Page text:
A volunteer water monitoring project in Centre County, PA began in 2010 with the aim to produce a baseline for the health of local streams and waterways in the county. The volunteers keep an eye on the streams because of the upswing in Marcellus Shale drilling activity in the county. If there should be accidents, or if fracking fluid should somehow find its way into local waterways, the data collected by the volunteers will prove a valuable resource for evaluating the environmental impact.
The water monitoring project is a joint effort by the Centre County chapter of the Pennsylvania Senior Environmental Corps, Centre County Cooperative Extension, Beech Creek Watershed Association and a Lock Haven University professor and his students. Testing started in May 2010. Except for during a few cold, winter months, two volunteer teams have been driving out to the same spots every month to collect data and water samples, which are taken to Lock Haven professor Mohamed Khalequzzaman in the department of geology and physics.*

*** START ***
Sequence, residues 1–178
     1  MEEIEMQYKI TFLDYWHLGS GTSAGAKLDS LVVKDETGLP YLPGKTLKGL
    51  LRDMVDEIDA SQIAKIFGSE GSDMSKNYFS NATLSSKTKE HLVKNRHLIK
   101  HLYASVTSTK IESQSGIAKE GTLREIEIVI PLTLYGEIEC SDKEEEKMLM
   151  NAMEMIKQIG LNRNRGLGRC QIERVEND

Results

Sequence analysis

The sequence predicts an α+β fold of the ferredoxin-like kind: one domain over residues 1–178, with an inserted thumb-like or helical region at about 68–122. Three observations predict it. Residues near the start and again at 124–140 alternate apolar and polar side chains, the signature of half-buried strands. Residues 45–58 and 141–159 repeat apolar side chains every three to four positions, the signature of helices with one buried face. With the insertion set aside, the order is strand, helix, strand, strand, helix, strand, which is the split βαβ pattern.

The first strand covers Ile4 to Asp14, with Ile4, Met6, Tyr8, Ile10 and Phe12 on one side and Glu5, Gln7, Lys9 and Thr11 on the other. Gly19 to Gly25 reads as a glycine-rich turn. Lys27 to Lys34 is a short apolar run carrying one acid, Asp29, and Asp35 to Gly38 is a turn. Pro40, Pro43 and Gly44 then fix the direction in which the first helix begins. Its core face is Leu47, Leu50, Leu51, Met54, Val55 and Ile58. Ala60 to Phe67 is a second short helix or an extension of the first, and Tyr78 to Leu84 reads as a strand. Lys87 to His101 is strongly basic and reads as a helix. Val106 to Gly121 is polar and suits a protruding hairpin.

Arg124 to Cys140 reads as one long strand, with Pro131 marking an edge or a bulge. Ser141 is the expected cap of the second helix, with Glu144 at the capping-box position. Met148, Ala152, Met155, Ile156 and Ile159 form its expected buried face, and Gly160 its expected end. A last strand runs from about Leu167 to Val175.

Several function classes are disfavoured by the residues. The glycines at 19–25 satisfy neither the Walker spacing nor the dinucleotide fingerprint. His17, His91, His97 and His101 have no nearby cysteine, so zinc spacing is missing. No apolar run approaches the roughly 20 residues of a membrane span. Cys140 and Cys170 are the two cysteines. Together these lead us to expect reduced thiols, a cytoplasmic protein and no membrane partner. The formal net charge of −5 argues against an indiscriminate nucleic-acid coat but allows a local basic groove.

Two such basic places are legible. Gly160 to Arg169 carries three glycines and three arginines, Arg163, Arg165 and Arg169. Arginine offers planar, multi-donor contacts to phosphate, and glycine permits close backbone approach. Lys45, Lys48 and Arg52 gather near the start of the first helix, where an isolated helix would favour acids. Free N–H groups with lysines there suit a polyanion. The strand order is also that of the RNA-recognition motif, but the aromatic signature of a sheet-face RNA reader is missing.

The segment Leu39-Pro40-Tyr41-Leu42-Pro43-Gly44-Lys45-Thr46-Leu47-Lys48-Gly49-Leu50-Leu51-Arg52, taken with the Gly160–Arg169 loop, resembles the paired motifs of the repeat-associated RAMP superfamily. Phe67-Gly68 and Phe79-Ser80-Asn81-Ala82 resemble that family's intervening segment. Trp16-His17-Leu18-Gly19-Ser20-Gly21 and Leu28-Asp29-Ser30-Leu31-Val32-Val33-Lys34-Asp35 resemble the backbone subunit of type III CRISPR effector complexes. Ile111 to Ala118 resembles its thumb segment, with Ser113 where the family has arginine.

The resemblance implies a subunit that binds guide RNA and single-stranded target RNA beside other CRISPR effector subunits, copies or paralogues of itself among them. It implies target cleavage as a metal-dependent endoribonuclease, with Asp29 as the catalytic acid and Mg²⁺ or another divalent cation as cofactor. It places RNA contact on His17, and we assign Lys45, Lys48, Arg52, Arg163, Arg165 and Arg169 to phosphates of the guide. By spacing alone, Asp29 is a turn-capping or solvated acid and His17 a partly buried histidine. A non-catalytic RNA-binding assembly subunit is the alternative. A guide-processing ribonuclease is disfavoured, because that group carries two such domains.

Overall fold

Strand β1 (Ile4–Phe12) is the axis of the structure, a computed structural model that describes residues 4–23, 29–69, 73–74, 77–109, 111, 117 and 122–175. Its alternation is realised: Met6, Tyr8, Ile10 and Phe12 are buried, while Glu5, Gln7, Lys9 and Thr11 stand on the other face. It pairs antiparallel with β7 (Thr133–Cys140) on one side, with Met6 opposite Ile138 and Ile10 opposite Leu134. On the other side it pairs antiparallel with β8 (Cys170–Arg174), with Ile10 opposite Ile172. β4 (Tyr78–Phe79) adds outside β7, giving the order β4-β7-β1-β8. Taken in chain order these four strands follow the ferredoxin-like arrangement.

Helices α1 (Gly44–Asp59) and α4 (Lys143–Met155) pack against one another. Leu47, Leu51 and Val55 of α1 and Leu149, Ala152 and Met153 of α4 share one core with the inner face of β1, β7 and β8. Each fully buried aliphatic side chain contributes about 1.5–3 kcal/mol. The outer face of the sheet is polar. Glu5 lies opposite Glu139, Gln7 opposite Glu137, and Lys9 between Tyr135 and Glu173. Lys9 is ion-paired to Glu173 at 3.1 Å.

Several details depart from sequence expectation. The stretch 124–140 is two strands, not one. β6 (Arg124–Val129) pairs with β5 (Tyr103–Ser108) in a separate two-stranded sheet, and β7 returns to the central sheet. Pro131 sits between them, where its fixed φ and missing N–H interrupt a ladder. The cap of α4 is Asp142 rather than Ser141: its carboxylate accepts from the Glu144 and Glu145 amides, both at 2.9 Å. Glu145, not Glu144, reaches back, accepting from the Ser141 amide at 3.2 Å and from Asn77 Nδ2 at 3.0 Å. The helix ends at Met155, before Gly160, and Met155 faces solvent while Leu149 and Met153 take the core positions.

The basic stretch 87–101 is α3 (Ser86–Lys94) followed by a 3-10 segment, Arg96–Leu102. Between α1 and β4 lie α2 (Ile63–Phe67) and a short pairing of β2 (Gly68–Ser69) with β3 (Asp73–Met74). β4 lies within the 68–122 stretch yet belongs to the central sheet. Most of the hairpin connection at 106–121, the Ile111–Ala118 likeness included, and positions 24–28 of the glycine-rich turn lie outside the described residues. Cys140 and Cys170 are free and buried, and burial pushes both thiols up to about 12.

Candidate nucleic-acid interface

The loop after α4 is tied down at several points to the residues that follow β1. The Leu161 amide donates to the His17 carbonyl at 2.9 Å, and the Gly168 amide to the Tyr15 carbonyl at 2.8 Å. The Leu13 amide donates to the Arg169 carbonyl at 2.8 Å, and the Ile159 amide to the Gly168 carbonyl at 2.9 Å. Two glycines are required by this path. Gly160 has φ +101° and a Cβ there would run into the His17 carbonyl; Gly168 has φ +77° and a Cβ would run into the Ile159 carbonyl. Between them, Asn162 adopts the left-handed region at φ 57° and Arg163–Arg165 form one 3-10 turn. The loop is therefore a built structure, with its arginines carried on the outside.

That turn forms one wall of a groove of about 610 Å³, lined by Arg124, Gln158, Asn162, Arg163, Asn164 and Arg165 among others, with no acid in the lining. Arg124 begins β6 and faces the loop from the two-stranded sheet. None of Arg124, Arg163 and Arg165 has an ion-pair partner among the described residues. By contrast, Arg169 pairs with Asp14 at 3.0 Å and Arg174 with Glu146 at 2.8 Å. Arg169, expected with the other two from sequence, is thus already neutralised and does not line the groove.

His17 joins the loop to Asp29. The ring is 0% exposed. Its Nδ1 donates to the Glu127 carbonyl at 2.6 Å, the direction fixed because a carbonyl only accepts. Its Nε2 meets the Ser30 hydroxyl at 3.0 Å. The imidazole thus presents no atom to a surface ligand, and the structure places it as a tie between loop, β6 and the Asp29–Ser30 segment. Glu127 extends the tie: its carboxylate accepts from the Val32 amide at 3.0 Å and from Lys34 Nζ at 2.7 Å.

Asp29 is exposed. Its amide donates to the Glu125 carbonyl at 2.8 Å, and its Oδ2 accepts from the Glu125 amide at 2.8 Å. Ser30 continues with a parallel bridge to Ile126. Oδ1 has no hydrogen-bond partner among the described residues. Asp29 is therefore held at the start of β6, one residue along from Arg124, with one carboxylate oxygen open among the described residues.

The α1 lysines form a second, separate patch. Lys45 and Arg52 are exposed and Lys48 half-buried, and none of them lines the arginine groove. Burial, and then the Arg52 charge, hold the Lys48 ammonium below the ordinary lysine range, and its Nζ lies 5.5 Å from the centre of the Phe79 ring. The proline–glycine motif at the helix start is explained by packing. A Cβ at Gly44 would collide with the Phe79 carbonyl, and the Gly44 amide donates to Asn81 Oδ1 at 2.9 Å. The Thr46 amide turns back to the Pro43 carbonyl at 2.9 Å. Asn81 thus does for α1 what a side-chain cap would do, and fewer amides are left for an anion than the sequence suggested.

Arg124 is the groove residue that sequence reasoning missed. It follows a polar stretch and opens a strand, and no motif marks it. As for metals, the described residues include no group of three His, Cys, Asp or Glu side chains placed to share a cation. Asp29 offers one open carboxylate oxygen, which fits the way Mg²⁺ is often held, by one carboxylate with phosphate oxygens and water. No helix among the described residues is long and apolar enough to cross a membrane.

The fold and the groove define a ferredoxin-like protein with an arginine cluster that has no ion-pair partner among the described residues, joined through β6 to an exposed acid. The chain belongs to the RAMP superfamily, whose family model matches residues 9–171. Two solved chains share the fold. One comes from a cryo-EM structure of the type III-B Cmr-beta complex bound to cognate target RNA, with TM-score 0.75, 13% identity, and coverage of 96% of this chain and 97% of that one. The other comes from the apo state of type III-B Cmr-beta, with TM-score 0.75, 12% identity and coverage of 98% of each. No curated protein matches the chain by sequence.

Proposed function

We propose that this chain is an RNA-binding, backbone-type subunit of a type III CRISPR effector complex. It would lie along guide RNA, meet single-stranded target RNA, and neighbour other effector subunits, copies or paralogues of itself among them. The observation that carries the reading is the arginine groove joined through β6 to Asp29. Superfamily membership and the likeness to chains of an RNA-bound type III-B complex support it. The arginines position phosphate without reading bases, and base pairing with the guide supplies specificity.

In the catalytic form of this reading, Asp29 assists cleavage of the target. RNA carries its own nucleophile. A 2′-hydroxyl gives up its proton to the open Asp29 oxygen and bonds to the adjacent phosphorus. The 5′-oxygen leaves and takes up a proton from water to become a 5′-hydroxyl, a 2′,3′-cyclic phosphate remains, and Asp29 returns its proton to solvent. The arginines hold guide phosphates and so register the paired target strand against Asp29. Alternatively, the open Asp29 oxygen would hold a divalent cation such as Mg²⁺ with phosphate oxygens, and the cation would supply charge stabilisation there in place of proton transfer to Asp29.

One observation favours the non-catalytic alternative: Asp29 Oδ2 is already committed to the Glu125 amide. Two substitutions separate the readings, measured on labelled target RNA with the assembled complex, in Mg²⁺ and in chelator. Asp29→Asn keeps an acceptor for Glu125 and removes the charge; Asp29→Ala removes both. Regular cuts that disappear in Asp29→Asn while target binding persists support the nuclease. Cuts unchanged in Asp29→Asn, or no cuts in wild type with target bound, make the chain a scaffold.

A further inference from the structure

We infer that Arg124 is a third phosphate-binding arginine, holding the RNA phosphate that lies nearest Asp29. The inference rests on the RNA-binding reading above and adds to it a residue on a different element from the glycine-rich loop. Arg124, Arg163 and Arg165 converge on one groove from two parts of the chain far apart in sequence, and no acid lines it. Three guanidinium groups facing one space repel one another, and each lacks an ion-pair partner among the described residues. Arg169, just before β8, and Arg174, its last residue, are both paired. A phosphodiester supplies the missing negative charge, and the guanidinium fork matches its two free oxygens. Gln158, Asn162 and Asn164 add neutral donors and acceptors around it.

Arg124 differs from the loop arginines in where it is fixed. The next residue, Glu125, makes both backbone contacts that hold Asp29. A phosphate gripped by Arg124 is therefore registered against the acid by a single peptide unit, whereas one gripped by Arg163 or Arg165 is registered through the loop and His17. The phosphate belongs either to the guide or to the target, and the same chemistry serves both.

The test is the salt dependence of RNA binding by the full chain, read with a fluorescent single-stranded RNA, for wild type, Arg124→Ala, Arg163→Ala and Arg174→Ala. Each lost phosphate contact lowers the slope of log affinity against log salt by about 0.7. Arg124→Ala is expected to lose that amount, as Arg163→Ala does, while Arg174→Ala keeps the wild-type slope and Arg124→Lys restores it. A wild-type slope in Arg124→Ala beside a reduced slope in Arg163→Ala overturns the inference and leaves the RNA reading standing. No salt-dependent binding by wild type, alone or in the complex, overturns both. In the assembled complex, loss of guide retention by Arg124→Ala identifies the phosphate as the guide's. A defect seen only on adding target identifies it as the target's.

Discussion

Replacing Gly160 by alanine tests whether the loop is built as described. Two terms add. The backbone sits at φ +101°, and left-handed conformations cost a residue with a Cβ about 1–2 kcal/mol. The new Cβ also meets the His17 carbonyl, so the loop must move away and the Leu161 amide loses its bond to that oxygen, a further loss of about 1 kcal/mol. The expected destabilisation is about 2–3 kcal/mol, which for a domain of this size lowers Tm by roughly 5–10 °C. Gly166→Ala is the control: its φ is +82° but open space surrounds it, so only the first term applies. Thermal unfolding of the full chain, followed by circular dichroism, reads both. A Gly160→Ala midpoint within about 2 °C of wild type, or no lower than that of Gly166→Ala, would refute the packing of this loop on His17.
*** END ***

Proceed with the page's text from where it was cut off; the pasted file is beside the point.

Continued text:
The volunteers measure the water’s depth, pH levels, conductivity, temperature and the level of dissolved solids.
Marcellus Shale drilling is definitely on the increase in Centre County:
Natural gas exploration is on the upswing in northern Centre County. So far, 55 Marcellus Shale wells have been drilled, and about 79 have been permitted, according to the county Planning and Community Development Office. While only 12 are active so far, that number is expected grow once the gas line infrastructure is in place. An increase in drilling will also mean more roadways and traffic, and the potential for runoff from spills in undeveloped, hard-to-reach areas.*
*The Centre Daily Times (May 1, 2011) – Stewards of the region’s streams